What about using my Health Care Reimbursement Account (HRCA) Cafeteria plan and Health Savings Account (HSA)?

Likely a part of your employee benefit package is a HRCA/ Cafeteria plan where individuals can set aside pre-tax dollars for qualified medical expenses. The services billed at Raising Sages should qualify for use of your HRCA. Please inquire with your employer or health plan for specifics. For self-employed families, a HSA combines a tax favored savings account with a high deductible health insurance policy

The new limits for health savings accounts (HSA) for 2020 are going up $50 for individual coverage and $100 for family coverage, the IRS announced last week, bringing them to $3,550 and $7,100, respectively. The catch-up contribution limit for those over age 55 will remain at $1,000.

HSAs are tied to high-deductible health plans (HDHPs). The annual out-of-pocket expenses for a HDHP in 2020 are also increasing slightly from this year: They cannot exceed $6,900 for self-only coverage, or $13,800 for family coverage.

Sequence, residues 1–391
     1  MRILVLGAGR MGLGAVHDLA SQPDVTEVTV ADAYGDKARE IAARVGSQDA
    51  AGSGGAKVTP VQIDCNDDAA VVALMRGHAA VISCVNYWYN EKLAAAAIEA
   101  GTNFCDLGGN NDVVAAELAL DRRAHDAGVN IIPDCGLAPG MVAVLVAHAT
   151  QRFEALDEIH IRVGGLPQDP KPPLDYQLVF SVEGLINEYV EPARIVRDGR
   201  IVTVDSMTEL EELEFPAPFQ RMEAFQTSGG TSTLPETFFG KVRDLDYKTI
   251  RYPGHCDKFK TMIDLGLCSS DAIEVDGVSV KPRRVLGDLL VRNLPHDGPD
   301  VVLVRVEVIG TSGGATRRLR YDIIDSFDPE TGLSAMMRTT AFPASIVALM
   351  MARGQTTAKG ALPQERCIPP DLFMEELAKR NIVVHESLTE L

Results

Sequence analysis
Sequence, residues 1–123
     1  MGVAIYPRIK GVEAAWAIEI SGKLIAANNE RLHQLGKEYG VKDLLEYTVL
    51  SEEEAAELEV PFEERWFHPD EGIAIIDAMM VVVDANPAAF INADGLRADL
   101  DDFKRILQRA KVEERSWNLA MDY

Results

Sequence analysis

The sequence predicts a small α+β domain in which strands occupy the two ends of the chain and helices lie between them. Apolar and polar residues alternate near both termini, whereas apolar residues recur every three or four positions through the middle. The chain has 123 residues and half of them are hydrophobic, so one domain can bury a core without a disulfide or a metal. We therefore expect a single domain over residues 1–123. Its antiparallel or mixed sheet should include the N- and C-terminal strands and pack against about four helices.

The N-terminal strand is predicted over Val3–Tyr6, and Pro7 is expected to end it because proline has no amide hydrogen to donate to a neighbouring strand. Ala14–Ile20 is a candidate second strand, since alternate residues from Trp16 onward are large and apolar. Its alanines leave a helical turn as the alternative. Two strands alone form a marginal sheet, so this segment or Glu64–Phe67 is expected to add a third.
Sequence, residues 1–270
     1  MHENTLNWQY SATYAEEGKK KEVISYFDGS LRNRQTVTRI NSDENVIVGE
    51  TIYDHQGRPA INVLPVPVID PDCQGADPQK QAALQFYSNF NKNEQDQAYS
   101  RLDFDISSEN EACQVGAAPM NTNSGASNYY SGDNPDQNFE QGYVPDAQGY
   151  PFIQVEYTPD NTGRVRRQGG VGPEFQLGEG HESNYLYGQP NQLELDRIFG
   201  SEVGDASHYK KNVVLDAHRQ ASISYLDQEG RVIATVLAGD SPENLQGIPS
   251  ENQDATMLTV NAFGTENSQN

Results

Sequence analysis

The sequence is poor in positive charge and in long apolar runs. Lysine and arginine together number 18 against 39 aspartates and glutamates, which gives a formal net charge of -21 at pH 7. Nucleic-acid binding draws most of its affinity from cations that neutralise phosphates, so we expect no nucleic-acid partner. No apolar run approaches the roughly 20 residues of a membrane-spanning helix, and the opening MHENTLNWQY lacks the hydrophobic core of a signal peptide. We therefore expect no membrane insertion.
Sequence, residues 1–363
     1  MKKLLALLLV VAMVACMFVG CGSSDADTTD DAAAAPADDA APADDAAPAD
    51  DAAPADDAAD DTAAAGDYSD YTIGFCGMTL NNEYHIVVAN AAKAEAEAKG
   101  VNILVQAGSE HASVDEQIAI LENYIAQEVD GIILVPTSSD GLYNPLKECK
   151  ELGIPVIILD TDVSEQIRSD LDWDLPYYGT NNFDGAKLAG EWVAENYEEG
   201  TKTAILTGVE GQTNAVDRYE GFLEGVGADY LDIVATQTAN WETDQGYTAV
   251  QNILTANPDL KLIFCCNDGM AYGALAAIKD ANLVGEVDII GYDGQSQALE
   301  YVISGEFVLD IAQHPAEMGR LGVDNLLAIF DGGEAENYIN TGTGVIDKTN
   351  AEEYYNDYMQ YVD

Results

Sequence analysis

The contribution limits are tied to inflation, though the growth of medical costs significantly outpaces inflation each year.

HSAs offer three tax benefits:

  1. Contributions are tax deductible: Like with a 401(k), you contribute pre-tax dollars to a HSA, which reduces your taxable income for the year.
  2. Earnings grow tax-free: You can invest your HSA contributions and the interest accrues tax-free.
  3. You can withdraw money tax-free if it’s used for qualified medical expenses. You can find a list of these expenses on the IRS’s website (your HSA provider should also be able to provide you with a list).

Unlike Flexible Spending Accounts (FSAs), the money you contribute to an HSA does not expire. If you don’t use it during the year you contributed, you can keep rolling it over even if you get a new job. This makes HSAs particularly valuable as a secondary retirement savings vehicle.